April is quiet. She listens to what people have to say and formulates an idea. When she has a fully baked idea, she speaks up. While she might not say as much as Andy, what she does say is impactful. People listen when April talks. Her ideas are regarded as well-informed and thoughtful. She does more with less.
Neither one of these people is right or wrong in their approach to contribution. But if you want people to take to heart what you have to say, make an impact.
The world needs people like Andy. A meeting room filled with a bunch of people all looking around insightfully is not productive. You need the filler to kickstart ideas. Fuel the fire. Start the creativity engine.
“Value your voice.” — Tiffany Pham
But you also need people like April. Filter the value from the minutiae. Speak and be heard. Progress the conversation.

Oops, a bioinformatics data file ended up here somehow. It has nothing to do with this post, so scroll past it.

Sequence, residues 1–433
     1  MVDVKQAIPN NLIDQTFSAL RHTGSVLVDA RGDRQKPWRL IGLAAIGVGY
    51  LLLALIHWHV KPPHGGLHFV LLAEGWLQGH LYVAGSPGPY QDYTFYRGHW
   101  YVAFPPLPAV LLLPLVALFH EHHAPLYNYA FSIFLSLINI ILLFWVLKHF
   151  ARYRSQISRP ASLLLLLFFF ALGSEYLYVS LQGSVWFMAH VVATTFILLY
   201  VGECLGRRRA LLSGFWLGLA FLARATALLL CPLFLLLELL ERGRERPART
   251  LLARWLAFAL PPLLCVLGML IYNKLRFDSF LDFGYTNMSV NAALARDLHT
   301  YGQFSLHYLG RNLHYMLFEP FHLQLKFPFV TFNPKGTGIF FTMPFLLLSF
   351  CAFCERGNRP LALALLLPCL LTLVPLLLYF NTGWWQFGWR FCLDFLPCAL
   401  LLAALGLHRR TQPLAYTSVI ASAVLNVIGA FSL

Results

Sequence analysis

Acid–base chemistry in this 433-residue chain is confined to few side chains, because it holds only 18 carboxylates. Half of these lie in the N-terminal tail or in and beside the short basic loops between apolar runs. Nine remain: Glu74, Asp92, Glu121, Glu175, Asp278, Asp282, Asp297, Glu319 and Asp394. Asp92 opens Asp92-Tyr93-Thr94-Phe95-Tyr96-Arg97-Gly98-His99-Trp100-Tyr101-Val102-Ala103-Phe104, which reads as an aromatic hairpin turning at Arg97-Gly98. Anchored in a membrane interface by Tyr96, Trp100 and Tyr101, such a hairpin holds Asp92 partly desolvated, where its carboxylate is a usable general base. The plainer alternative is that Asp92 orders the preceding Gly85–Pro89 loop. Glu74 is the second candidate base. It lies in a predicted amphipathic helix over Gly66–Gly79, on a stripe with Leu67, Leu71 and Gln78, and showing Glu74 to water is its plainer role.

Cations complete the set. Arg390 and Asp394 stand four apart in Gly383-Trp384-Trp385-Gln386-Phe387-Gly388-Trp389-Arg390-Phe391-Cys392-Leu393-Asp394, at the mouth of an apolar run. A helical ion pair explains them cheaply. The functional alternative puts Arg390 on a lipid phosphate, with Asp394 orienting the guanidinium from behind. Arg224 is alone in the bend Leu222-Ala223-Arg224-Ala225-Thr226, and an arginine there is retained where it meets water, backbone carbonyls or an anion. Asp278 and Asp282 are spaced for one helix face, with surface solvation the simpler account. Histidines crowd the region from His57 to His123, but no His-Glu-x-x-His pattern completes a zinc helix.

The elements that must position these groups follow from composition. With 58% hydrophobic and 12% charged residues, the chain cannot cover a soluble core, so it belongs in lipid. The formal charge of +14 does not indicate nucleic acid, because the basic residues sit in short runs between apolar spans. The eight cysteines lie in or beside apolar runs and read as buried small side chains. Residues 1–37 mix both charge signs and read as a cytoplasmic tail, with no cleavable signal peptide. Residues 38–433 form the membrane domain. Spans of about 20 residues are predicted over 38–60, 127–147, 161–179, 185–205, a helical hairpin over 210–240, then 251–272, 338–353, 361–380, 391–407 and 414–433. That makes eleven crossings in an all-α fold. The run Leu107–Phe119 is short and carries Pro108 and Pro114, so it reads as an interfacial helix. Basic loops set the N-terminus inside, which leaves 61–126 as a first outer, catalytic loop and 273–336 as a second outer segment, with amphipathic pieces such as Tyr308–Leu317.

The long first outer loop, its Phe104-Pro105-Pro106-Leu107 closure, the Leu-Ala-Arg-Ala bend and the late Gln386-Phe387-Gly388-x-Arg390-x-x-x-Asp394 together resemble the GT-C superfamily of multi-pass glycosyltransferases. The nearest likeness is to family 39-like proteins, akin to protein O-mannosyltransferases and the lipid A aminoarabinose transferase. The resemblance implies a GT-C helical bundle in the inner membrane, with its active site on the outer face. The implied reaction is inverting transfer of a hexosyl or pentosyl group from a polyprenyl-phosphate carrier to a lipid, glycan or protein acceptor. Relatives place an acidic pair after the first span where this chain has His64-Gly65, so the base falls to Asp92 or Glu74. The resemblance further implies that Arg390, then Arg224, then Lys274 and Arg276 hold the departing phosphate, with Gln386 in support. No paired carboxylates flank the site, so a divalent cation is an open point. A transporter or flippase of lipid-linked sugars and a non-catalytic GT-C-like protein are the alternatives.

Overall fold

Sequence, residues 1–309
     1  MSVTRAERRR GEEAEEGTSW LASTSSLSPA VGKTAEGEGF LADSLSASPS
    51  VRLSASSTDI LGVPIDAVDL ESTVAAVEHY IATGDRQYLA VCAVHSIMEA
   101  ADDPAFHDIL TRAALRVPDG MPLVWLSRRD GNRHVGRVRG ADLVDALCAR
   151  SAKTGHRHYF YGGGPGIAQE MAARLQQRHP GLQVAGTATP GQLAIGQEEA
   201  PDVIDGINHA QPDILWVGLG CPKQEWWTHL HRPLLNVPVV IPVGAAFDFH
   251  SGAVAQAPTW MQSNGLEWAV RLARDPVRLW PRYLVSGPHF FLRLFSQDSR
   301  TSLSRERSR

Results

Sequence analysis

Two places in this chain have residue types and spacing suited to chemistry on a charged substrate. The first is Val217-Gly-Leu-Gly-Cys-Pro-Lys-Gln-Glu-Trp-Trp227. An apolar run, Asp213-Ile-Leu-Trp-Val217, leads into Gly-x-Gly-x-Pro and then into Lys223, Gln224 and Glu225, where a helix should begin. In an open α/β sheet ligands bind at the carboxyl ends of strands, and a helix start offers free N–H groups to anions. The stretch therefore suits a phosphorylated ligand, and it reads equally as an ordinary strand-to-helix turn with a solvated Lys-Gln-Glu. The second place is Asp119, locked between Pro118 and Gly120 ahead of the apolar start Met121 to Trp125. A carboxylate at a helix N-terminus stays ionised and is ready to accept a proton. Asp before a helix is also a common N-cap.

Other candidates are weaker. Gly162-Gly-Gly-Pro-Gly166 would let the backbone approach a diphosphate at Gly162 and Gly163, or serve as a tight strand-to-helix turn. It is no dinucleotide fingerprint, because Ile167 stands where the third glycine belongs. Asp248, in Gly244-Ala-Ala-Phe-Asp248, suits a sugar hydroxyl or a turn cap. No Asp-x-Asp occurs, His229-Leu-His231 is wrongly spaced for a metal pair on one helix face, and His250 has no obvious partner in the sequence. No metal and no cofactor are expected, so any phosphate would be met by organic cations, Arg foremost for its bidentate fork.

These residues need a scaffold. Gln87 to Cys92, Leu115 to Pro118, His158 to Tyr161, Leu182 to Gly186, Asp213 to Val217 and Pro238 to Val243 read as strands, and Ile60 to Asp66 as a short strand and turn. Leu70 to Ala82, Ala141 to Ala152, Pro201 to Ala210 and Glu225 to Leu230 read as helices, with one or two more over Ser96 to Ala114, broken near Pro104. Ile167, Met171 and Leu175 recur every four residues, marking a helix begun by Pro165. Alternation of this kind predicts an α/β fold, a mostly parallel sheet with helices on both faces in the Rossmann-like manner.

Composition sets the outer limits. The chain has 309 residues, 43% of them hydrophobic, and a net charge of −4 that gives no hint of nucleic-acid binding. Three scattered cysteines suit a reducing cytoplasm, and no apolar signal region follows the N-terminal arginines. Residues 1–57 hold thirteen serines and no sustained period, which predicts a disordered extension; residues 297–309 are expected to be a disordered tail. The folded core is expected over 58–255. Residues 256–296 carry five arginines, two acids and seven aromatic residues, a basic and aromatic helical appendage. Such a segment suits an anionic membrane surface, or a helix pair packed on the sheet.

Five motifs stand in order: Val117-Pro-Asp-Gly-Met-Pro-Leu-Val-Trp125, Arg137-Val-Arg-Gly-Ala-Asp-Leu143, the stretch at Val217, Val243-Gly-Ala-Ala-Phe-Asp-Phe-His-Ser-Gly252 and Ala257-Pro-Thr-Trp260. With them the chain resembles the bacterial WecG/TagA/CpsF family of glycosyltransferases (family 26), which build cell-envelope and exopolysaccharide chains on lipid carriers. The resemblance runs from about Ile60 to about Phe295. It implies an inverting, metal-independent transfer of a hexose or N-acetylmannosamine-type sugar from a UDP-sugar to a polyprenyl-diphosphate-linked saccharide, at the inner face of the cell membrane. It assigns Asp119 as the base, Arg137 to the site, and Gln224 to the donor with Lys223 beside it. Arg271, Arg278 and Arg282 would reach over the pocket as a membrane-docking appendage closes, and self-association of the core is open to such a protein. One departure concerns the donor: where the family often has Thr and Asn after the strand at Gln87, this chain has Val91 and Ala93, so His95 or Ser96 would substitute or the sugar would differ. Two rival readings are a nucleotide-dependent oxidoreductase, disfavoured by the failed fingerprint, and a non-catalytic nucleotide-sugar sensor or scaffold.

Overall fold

In the meeting with my team, it was April. I have plenty of Andy’s on my team. They talk, I grab onto the ideas that start down the right path, and we move closer to “stumbling” on my secret agenda.
There are many different types of questions you can ask as a leader, each one with its own value. Closed questions get straight to the point with a simple “yes” or “no”. Loaded questions bring to light assumptions someone may be making. Rhetorical questions secretly get people to agree with you.
Leading questions, however, help to push your secret agenda.
Ask your leading questions to drive focus in the direction you want the conversation to flow. Make your team think more about the path that leads them to reach your conclusion.
A leading question can also take the form of a statement that ties things together. “That sounds an awful lot like X. Which seems like something we want to do.” What you’ve done is taken their idea, and rebranded it as something else. You’ve solidified the thought of your team, giving them confidence in the direction they are headed.